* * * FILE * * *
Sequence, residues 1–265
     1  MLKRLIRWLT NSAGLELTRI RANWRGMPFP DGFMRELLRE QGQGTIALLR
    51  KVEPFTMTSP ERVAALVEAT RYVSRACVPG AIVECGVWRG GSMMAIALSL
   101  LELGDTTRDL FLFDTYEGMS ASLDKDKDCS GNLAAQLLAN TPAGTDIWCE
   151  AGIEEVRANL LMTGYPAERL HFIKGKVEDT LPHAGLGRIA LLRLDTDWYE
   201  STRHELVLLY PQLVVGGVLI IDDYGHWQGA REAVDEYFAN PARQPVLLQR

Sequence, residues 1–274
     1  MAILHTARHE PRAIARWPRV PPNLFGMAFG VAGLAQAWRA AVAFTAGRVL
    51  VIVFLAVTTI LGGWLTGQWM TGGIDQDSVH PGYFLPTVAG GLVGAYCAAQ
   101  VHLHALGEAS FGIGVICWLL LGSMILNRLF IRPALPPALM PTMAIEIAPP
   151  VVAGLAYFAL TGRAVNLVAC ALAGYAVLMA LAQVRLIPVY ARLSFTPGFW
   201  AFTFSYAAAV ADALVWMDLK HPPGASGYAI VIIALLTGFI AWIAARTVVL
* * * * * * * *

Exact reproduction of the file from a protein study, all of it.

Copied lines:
Sequence, residues 1–265
     1  MLKRLIRWLT NSAGLELTRI RANWRGMPFP DGFMRELLRE QGQGTIALLR
    51  KVEPFTMTSP ERVAALVEAT RYVSRACVPG AIVECGVWRG GSMMAIALSL
   101  LELGDTTRDL FLFDTYEGMS ASLDKDKDCS GNLAAQLLAN TPAGTDIWCE
   151  AGIEEVRANL LMTGYPAERL HFIKGKVEDT LPHAGLGRIA LLRLDTDWYE
   201  STRHELVLLY PQLVVGGVLI IDDYGHWQGA REAVDEYFAN PARQPVLLQR

Sequence, residues 1–274
     1  MAILHTARHE PRAIARWPRV PPNLFGMAFG VAGLAQAWRA AVAFTAGRVL
    51  VIVFLAVTTI LGGWLTGQWM TGGIDQDSVH PGYFLPTVAG GLVGAYCAAQ
   101  VHLHALGEAS FGIGVICWLL LGSMILNRLF IRPALPPALM PTMAIEIAPP
   151  VVAGLAYFAL TGRAVNLVAC ALAGYAVLMA LAQVRLIPVY ARLSFTPGFW
   201  AFTFSYAAAV ADALVWMDLK HPPGASGYAI VIIALLTGFI AWIAARTVVL